Plus, NATO’s Baltic strategy and a new political opening for Georgian opposition leader Ivanishvili.by Ky Krauthamer, Ioana Caloianu, and Joshua Boissevain 22 May 2012
Serbian President-elect Tomislav Nikolic made a point of stressing his commitment to a pro-Western course within hours of his victory, The New York Times reports. He said “Serbia would not stray from its EU path” and named German Chancellor Angela Merkel as a preferred European ally.
Previously, Nikolic, leader of the Serbian Progressive Party (SPS), served as a deputy prime minister in Slobodan Milosevic's government in 1999-2000. In 2008, SPS broke away from the Serbian Radical Party as a conservative, pro-European party that also insists on Kosovo remaining within Serbia.
Two weeks after being sworn in for a third term as Russia’s president, Vladimir Putin announced the new government under Prime Minister Dmitry Medvedev 21 May, replacing all but a few key posts, according to RIA Novosti. Among those remaining in pivotal roles are First Deputy Prime Minister Igor Shuvalov, Foreign Minister Sergei Lavrov, and Defense Minister Anatoly Serdyukov, all of whom are considered important Putin loyalists. Some new faces also feature in the cabinet.
The new appointments have analysts wondering how much of a role Medvedev will have in the future. “This government is officially Medvedev’s, but in reality it is Putin’s,” RIA Novosti quoted one political analyst as saying.
Another sign Putin was transferring more power to the Kremlin came on 22 May with the naming of seven former cabinet ministers to fill posts in his new presidential administration, according to Radio Free Europe. In a surprise move, Putin appointed Nurgaliyev as a deputy head of the presidential security council.
The amended constitution now allows EU citizens who were born in Georgia and have lived there permanently for at least the last five years to run for office. An earlier draft of the bill specified 10 years of permanent residence, which was cut to five years reportedly after Ivanishvili said he would still be barred from political activity because his permanent residence began in 2004, Civil.ge reports. Ivanishvili lived for many years in Russia and holds a French passport.
Ivanishvili’s Georgian Dream political movement is shaping up as a serious competitor to Saakashvili’s ruling party in the October parliamentary voting. The new law would also permit Ivanishvili to run for president in 2013 without getting citizenship.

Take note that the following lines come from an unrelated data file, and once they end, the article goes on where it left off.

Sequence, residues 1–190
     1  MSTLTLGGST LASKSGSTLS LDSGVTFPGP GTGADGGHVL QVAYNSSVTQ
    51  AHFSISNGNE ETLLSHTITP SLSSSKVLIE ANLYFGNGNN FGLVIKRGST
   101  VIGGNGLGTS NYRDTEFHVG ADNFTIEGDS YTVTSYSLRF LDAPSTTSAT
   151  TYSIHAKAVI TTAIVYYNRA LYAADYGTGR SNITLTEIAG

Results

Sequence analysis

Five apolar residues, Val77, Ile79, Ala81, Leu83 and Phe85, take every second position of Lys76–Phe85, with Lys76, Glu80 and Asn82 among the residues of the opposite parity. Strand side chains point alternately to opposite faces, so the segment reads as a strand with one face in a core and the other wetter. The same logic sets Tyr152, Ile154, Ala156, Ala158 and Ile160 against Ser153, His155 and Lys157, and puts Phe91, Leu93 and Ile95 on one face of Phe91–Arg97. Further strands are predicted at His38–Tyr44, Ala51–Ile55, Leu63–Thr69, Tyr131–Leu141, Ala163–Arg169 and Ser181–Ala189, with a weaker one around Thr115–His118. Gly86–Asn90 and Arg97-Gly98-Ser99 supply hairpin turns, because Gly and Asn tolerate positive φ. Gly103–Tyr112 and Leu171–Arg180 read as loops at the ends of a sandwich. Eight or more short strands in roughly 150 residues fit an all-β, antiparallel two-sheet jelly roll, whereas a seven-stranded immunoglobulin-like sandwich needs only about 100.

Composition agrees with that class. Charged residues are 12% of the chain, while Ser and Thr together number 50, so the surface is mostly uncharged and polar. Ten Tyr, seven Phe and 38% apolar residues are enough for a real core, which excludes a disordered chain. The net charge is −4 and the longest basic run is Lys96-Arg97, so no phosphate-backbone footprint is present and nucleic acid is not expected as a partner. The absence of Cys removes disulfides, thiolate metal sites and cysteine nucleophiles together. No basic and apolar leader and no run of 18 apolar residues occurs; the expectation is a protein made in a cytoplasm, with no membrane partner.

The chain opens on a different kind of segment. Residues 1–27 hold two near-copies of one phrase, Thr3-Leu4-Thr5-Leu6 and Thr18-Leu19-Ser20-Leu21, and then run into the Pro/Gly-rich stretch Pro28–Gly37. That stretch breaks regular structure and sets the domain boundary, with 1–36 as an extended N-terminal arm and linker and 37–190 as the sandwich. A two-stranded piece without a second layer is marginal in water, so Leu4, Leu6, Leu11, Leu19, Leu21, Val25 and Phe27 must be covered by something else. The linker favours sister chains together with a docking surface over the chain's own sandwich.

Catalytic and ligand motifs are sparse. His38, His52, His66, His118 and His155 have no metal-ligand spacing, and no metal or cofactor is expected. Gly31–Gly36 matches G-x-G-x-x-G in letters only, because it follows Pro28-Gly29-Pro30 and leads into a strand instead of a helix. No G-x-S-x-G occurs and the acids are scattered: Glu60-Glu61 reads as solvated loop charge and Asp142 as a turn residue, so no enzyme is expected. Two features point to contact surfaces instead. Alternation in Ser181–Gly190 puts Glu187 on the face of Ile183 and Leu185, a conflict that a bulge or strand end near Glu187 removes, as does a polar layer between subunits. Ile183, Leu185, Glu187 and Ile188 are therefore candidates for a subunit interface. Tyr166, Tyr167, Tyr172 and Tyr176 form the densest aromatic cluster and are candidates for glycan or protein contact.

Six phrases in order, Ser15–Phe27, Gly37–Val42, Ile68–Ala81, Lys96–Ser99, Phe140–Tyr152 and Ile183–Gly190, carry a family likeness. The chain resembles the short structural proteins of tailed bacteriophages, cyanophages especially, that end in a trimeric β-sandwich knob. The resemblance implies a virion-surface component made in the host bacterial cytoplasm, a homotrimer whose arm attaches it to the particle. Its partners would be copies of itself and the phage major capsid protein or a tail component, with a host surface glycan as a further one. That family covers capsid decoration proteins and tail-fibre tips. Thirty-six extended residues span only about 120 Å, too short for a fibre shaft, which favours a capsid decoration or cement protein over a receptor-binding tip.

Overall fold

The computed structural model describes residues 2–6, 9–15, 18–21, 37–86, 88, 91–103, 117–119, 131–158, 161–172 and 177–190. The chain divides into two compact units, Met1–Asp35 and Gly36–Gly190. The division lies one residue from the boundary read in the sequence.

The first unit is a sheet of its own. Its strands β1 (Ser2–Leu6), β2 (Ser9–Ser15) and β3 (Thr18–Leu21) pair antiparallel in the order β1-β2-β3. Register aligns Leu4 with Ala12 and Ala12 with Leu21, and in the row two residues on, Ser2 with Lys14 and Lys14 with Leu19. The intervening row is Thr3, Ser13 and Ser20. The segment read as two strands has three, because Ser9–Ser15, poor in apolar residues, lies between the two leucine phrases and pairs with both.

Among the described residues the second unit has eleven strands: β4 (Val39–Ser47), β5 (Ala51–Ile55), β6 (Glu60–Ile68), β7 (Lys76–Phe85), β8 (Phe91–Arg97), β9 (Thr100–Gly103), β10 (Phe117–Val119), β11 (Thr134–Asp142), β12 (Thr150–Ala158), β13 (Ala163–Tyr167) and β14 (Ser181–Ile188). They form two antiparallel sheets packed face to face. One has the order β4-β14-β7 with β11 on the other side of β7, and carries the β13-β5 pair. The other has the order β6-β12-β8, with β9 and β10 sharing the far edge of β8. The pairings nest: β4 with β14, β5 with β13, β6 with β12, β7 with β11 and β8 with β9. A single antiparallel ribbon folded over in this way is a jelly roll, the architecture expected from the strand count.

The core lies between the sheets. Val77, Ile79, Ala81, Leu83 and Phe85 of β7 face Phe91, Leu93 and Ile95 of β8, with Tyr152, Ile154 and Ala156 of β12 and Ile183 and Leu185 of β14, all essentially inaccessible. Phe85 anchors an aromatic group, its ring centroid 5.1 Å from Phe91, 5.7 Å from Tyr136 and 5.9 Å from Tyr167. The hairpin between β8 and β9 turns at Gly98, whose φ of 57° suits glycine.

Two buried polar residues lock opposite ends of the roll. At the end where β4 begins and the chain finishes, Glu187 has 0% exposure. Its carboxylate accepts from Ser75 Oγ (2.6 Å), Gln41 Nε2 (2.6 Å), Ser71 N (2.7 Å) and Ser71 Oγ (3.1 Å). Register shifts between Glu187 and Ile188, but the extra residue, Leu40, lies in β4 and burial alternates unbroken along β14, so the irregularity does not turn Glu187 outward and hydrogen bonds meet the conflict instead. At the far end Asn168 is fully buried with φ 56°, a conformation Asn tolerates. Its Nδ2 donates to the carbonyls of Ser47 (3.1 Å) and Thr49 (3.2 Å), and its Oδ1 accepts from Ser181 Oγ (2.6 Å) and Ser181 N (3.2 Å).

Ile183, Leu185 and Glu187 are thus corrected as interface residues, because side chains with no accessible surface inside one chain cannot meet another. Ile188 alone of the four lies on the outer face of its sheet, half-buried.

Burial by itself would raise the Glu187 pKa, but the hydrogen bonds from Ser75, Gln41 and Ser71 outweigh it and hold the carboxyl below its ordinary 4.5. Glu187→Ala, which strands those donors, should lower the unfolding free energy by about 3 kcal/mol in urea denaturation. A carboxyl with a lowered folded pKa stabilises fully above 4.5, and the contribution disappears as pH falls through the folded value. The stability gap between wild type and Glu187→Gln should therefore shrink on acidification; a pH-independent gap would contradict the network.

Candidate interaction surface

In a speech in Chicago on the sidelines of the NATO summit, Saakashvili said “enemies of Georgian democracy” wanted to make it look as though the country was a place where the opposition was deprived of political rights. But parliament had defused that allegation, he said, asking, "How many countries allow participation of non-citizens in presidential and parliamentary elections?”
Joint NATO air patrols over the three Baltic countries are a good example of the alliance’s ability to adapt to changing security conditions, NATO leaders said at their summit in Chicago this week.
U.S. President Barack Obama said the cooperative air patrols, known as Baltic Air Policing, demonstrate the alliance’s commitment to collective defense, the U.S. Embassy in Tallinn said in a statement. The mission also “spares Estonia, Latvia, and Lithuania the great expense of procuring and maintaining supersonic fighters and allows them to focus on other capabilities that add value to NATO.”
NATO Secretary General Anders Fogh Rasmussen said the joint patrols would continue indefinitely. The mission allows the Baltic countries to focus their resources on critical areas including the Afghanistan operation, he said in a 20 May press conference.
In Chicago, Latvian President Andris Berzins said the joint air patrols were one of the best examples of the “smart defense” approach favored by NATO leaders, according to the Baltic Times.
Sikorski said the potential collapse of the euro zone was the “greatest threat to Poland,” far more than terrorism or the planned Russian missile emplacements near the EU border.
As the EU’s largest economy, Germany is “indispensable,” but neither is Germany “big enough to dominate,” he said. “Berlin also needs partners – and you need more than just one. These partners, including the Polish, also demand a lot of the Germans.”
Sikorski said the European Central Bank’s moves, backed by Berlin, to inject liquidity into the European banking system had helped ease the euro crisis. He added, “I also understand Germany's historical aversion to inflation. But when the survival of the entire euro zone is at stake, then one must consider the risks and also be prepared to risk a bit more inflation than usual.”
At the height of the euro crisis in November, “we really were threatened with the collapse of the euro zone, showing just how fragile Europe is,” he said. “I distrust people who say the process of renationalization could be arrested at a certain stage. I fear that it would be a dynamic process which you cannot control.”